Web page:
We're going to be starting a new series of articles that have to do with the anatomy of a tax return. These will be at a fairly high level and meant to provide insight and fundamentals and not teach how to actually do your own return.
As most of you know I am both a CPA and a Financial Advisor and strongly believe that both a tax return and a proper financial plan require tax planning since the taxes you pay are one of the largest expenses you will pay in your lifetime of payments including your retirement years.
If your tax return preparer is only focusing on the current year tax return and not talking to you about longer term tax strategy ask them why not.
If your financial planner is not asking to see your annual tax return I encourage you to ask them why not and how are they helping you minimize your taxes.
If you are not comfortable with the answers from both the tax preparer and the financial planner consider other alternatives.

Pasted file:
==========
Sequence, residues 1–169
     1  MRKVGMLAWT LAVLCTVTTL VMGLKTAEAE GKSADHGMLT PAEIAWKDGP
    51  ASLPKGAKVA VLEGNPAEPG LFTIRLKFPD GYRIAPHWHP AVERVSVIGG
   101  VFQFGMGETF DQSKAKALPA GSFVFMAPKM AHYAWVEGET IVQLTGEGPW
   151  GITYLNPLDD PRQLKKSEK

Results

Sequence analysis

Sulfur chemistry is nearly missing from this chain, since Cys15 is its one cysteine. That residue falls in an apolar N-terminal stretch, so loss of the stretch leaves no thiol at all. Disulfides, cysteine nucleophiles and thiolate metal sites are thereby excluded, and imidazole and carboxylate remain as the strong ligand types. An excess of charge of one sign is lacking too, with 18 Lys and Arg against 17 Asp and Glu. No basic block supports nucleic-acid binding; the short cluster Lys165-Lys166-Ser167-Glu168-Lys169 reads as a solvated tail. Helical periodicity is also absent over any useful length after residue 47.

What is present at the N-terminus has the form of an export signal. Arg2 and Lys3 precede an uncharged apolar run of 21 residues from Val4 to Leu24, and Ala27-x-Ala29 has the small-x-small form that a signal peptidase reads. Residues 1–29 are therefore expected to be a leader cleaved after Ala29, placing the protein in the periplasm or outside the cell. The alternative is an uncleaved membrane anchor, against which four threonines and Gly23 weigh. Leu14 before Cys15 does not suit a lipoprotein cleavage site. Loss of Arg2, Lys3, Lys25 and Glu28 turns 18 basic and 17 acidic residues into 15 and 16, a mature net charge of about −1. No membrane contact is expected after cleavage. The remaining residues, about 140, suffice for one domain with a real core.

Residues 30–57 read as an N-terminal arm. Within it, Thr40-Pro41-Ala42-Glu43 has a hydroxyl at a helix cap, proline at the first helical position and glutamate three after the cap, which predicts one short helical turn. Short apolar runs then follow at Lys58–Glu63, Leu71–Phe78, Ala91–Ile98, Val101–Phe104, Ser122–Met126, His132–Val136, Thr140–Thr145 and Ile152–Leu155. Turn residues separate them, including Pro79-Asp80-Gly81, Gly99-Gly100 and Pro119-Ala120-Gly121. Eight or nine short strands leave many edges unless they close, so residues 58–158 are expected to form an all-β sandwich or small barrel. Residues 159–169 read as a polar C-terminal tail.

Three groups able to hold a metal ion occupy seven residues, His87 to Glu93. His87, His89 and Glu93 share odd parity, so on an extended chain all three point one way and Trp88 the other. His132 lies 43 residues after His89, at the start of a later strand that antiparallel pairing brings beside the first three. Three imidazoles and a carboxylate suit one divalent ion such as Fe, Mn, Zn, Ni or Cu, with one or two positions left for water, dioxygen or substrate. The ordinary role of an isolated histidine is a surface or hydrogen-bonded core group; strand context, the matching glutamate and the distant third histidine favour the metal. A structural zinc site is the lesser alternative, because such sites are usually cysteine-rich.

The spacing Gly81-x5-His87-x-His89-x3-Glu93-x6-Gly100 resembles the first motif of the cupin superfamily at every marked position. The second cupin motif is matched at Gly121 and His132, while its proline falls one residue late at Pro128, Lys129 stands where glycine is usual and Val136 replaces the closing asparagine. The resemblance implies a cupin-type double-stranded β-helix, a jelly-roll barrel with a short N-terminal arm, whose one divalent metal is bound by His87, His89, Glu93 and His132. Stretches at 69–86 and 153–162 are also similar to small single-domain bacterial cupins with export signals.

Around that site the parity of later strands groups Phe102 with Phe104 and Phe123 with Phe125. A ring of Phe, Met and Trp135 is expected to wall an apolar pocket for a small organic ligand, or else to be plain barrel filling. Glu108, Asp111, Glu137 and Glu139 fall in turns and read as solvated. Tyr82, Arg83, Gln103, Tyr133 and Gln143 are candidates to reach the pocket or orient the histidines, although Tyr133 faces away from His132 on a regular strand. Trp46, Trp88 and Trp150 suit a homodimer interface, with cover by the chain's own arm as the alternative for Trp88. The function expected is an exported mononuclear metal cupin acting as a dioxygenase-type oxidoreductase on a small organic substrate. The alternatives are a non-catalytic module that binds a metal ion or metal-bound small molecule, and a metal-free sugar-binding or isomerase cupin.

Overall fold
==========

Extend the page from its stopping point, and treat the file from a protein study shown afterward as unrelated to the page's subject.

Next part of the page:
Many people look at the amount of tax they owe or the refund they get at April 15 and don’t dig deeper into how they got to that amount. The actual tax you owe in any given year could be far more than the result at April 15 and this series of upcoming articles on the various parts of a tax return and where you can control to some extent the tax you owe hopefully will prove helpful.
At its simplest, a tax return is nothing more than adding up income subject to tax, making adjustments to that income, calculating the tax owed on that total taxable income and then comparing that total tax owed to payments made during the year and the resulting shortage or overpayment of tax.
The individual steps may be simple or complicated depending on what's involved in your tax financial life for the year. But in essence, it's income, adjustments to income, calculate tax, compare tax owed against tax paid in and see what the result is.
In future articles, we'll dive into some of those parts hopefully in enough detail to help somebody be able to understand what they can do and sometimes when they can do it to control their income and by controlling income they can control the taxes that they owe at year end or control the amount that they might get back.
The information in this and other articles is intended to be educational in nature only. Not tax, legal or investment guidance for you specifically. Each person’s situation is unique and you must seek appropriate professional guidance that can address your unique situation.